Take the 2-minute tour ×
Unix & Linux Stack Exchange is a question and answer site for users of Linux, FreeBSD and other Un*x-like operating systems.. It's 100% free, no registration required.

I am teaching myself regular expressions, and I got stuck at »greedy« vs. »lazy« repeatings.

What I found out so far is that

  • »greedy« means that the RegExp looks for as many matches as possible, where
  • »lazy« means that the RegExp looks for as little matches as possible

Most articles I found deal with a) using it in a programming language, while I am stuck here with grep and egrep or b) use grep -P to activate Perl Mode; but as I don't have any knowledge about Perl yet this isn't very helpful for me.

My comprehension question: I came to this sledgehammer method:

  • lazy repetitions will look for the shortest possible match
  • if results are too long → tone down the repeater with ?
  • if results are still too long → look for another solution

This is what I was able to figure out through examples and experiments with HTML code where I got to some but not overwhelming results.

I would be grateful if somebody could tell me if and where I missed some important points with my summary.

share|improve this question

2 Answers 2

up vote 3 down vote accepted

It's not the shortest possible match, just a short match. Greedy mode tries to find the last possible match, lazy mode the first possible match. But the first possible match is not necessarily the shortest one.

Take the input string foobarbaz and the regexp o.*a (greedy) or o.*?a (ungreedy).

The shortest possible match in this input string would be oba.

However the RegExp looks for matches from left to right, so the o finds the first o in foobarbaz. And if the rest of the pattern produces a match, that's where it stays.

Following the first o, .* (greedy) eats obarbaz (the entire string) and then backtracks in order to match the rest of the pattern (a). Thus it finds the last a in baz and ends up matching oobarba.

Following the first o, .*? (ungreedy) doesn't eat the entire string, instead it looks for the first occurance of the rest of the pattern. So first it sees the second o, which doesn't match a, then it sees b, which doesn't match a, then it sees a, which matches a, and because it's lazy that's where it stops. (and the result is ooba, but not oba)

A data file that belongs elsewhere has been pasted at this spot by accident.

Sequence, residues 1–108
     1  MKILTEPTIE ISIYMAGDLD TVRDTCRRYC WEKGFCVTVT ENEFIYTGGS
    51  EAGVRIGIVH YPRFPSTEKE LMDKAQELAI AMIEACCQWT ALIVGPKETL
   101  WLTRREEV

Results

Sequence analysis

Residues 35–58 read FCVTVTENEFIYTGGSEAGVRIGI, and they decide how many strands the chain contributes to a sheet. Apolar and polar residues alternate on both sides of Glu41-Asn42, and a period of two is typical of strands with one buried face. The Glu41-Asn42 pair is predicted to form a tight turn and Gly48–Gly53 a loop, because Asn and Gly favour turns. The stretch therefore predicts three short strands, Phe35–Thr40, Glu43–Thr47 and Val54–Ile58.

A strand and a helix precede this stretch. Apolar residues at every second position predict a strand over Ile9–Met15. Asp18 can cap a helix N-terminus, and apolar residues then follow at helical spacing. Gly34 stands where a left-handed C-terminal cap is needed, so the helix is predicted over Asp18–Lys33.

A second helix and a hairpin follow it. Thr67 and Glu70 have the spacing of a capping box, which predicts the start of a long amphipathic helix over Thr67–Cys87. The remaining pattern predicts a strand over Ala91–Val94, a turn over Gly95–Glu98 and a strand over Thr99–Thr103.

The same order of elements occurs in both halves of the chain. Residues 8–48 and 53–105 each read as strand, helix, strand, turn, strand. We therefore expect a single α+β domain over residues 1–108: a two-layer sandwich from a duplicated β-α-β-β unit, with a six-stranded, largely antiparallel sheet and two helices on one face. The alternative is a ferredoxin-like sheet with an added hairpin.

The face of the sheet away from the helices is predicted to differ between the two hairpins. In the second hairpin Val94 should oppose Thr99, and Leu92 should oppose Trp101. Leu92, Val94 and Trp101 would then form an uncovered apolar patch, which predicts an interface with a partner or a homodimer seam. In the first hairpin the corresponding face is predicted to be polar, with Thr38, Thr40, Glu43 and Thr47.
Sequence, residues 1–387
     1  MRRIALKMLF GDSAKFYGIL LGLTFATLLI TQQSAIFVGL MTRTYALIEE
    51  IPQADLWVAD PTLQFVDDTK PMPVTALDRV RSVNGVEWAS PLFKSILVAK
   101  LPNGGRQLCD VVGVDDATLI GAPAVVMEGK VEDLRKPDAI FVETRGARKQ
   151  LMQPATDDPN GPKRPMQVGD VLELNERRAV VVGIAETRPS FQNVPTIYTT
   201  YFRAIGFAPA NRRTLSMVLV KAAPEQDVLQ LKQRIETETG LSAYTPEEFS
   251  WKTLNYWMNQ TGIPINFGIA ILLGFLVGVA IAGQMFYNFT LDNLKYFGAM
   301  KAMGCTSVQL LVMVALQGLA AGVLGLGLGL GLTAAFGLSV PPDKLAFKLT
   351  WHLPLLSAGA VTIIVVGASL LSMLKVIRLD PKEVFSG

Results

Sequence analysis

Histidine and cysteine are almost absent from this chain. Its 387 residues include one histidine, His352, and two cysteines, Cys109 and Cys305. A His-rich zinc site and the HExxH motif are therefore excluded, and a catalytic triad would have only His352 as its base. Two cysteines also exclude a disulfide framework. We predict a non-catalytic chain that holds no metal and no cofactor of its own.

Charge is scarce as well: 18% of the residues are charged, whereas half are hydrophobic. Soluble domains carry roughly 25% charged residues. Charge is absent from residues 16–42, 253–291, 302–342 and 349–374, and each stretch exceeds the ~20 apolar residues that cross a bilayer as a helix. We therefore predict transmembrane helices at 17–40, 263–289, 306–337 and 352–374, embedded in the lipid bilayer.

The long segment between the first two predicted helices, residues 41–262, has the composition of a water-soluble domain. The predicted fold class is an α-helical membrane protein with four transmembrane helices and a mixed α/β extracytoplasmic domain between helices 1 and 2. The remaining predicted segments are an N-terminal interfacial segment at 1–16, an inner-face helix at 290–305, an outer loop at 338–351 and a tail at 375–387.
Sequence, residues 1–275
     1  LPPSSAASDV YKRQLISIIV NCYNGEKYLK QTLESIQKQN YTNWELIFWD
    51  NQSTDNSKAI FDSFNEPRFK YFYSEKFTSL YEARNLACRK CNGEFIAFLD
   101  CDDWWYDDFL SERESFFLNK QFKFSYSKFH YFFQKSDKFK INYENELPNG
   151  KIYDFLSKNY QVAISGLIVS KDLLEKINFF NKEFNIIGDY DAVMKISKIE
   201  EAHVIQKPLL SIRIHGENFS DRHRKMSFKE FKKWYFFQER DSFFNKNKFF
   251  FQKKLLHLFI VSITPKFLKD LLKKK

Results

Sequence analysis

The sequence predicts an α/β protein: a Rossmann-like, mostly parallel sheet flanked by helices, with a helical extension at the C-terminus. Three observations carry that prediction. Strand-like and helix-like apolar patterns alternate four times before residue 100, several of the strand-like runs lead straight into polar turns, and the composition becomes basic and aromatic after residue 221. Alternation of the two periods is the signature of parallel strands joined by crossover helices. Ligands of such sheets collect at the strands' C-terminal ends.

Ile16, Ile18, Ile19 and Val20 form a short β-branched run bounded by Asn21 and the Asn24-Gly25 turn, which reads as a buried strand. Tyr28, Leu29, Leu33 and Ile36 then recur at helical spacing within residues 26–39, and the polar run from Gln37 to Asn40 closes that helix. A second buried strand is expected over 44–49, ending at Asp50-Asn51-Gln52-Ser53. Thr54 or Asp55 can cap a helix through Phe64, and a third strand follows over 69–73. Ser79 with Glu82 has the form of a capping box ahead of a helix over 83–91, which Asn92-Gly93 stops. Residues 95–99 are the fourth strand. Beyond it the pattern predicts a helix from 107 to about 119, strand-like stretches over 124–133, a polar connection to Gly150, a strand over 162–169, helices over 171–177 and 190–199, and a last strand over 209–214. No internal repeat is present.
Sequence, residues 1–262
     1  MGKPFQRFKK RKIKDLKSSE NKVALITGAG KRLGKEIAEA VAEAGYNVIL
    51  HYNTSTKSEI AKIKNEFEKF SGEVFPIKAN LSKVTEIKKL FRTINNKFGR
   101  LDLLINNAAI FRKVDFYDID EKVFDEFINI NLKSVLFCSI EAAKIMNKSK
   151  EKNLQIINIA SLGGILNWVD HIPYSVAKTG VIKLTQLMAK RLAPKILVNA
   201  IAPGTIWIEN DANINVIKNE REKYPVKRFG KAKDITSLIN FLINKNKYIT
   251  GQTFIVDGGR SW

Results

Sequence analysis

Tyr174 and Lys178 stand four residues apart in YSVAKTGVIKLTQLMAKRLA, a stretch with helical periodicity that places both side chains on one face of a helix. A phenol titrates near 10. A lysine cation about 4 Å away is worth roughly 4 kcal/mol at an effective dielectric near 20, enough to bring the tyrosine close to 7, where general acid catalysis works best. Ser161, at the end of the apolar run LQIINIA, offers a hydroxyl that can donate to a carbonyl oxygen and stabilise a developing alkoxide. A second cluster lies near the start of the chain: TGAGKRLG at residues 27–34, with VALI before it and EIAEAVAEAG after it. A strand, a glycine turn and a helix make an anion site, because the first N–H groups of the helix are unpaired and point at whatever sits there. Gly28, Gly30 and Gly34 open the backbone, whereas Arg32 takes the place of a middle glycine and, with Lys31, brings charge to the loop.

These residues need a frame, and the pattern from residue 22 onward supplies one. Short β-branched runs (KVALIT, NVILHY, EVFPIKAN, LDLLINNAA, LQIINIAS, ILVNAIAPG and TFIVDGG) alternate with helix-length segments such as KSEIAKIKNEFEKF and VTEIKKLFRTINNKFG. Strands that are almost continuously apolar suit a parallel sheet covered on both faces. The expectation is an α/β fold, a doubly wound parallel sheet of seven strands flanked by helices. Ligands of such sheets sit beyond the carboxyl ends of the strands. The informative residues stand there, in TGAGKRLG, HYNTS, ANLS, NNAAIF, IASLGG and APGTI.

So while it's not THE shortest possible one, it's a shorter one than the greedy version.

share|improve this answer
You're wrong: echo "foobarbaz" | grep -o -P "o.*?a" returns ooba (not oobarba as you claim), because that is the shortest match starting with the first 'o'. oba doesn't happen because matches will not overlap left to right. Non-greedy matches the shortest option, greedy the longest. –  goldilocks Apr 10 '13 at 19:31
You misread. o.*a matches oobarba, o.*?a matches ooba, and I never claimed otherwise. (edited and added a clarification for the non-greedy paragraph) –  frostschutz Apr 11 '13 at 11:00
All apologies. It still confuses the issue to say that is not the shortest match, if you are thinking like a regexp from left to right, as opposed to the semantic red herring of someone looking at the whole thing on a piece of paper (regexps are not good for problems of that sort), but nice explanation otherwise, +1. –  goldilocks Apr 11 '13 at 13:26
I guess it comes down to your definition of "the shortest possible match". I just wanted to make clear that it does not search for all possible matches and then just return whichever is shortest, since that's not what it does at all. To a programmer this is obvious but regexp are also used by average joe –  frostschutz Apr 11 '13 at 16:41

"Perl Mode" refers to perl compatible regular expressions (PCRE). Colloquially speaking, this is the regular expression style used natively by most modern languages, if they have built-in native regexps -- perl, python, ruby, php, javascript, java -- although there may be slight differences between them; technically, PCRE is derived from but not identical to the perl regexp engine, etc, but if you can use regexps in one of those languages, they're 99% the same in the others. It predominates where it is an option because it is an improvement on the older style now disguished as POSIX regexps which is the default mode of old school tools like grep.

The "non-greedy" aka. lazy modifier is not significant in the context of using grep to match lines. This is because there can be no complete line that matches a lazy expression that a greedy one will not also match, and vice versa. However, you can see the difference if you use the -o switch, which shows matched segment content and not whole lines (nb. this is slightly different than what --color does):

»echo "123 abc 456 def 789" > eg.txt
»grep -o -P "(\d+\s[A-Za-z]+\s)+" eg.txt
123 abc 456 def 
»grep -o -P "(\d+\s[A-Za-z]+\s)+?" eg.txt
123 abc 
456 def 
»grep -o -P "\d+\s[A-Za-z]+\s\d+" eg.txt
123 abc 456
»grep -o -P "\d+\s[A-Za-z]+\s\d+?" eg.txt
123 abc 4
56 def 7

If you are using grep this way (with -o), greediness makes a difference. If you are using grep to match complete lines that contain a pattern, non-greedy ? won't matter one way or the other.

In short: a greedy match matches as much as possible, a non-greedy match matches as little as possible.

share|improve this answer
Thanks for the short summary on Pearl and PCRE – this anticipated a question that lurked in the near future. As I [obviously] still struggle with the basics I want to stick to the most basic level where possible. Thanks a lot! –  erch Apr 10 '13 at 20:48

Your Answer


By posting your answer, you agree to the privacy policy and terms of service.

Not the answer you're looking for? Browse other questions tagged or ask your own question.